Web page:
|Civilization lives on, in that inimitable British fashion|
Please share some of your favorite libraries with us, be they awesome and magnificent or ever so humble (mobile library mystery, anyone?) In this article in The Guardian, Germaine Greer brings her usual passion to pleading for the preservation of historic libraries. A very loud "Amen sister!"
There are more comfortable places to read than Duke Humfrey's Library, but none more atmospheric or thrilling. When I give my bag to the concierge and trot up the stone stairs, I get the same feeling as a football fan heading for the turnstiles.
Bodley is very special, but so is any building that was built to store books and manuscripts, whether monastic or princely or academic or corporate. It may be dark and inconvenient, but it is as much a creature of its own historic moment as Venice's Biblioteca Marciana, which was built to a design of Sansovino in the mid-16th century. The Marciana was built to house the precious collection of Cardinal Bessarion; the illuminated manuscripts, the beautifully printed books and the building together make an integrated artefact. To be sure, methods of cataloguing and conservation should be modernised, but to remove its books and its walnut bookcases and gut the building would be as barbaric an act as burning the library of Alexandria.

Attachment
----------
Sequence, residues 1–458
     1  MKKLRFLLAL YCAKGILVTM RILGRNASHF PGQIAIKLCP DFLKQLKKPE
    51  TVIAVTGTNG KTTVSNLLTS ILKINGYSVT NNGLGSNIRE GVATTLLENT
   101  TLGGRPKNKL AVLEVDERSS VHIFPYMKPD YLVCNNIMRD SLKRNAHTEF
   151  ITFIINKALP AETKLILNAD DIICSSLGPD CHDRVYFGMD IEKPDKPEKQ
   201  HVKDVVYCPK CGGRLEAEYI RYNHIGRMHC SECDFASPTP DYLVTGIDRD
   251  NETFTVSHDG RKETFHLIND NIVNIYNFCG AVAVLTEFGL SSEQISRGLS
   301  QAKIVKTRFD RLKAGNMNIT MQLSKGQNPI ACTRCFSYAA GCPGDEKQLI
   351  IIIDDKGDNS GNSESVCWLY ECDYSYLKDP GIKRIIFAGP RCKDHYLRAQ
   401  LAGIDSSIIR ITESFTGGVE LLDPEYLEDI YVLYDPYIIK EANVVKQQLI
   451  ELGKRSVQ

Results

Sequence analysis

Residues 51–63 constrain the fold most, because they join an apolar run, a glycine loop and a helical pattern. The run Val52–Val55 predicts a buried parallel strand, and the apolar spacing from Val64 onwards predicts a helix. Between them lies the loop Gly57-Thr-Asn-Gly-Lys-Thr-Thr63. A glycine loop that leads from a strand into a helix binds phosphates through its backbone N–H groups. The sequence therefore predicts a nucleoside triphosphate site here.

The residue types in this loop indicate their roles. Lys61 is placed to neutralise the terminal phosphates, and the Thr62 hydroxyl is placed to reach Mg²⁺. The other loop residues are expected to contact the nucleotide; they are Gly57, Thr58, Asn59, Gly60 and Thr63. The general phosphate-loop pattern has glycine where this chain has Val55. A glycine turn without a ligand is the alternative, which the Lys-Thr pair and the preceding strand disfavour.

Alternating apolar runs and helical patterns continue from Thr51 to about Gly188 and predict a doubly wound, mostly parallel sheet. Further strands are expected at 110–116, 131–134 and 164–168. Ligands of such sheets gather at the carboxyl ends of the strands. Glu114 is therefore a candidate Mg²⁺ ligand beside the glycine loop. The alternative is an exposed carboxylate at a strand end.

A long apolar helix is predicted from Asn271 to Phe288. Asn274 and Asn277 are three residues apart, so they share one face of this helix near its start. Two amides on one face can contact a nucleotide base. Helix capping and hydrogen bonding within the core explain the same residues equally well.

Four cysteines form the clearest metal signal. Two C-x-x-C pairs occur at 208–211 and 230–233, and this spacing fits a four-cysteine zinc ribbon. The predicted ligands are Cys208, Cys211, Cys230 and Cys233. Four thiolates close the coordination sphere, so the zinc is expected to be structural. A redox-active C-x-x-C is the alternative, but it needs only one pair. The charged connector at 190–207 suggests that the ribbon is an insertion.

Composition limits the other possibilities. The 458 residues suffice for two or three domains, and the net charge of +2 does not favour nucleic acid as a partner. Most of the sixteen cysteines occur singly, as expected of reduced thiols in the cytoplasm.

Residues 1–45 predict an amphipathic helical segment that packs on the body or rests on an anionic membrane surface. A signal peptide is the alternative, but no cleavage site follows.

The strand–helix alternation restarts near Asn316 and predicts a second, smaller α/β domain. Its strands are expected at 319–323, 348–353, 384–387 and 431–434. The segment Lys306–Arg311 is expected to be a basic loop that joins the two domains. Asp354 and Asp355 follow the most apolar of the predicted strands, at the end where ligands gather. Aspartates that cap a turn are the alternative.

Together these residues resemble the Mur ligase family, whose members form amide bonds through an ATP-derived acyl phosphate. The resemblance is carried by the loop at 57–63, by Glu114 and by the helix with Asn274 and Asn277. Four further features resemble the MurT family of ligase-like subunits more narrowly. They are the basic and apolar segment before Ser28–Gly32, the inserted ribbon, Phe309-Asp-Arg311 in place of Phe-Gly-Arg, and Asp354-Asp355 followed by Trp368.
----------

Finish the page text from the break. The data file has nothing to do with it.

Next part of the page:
|The Duke Humfrey's Library reading room at the ancient Bodleian Library at Oxford|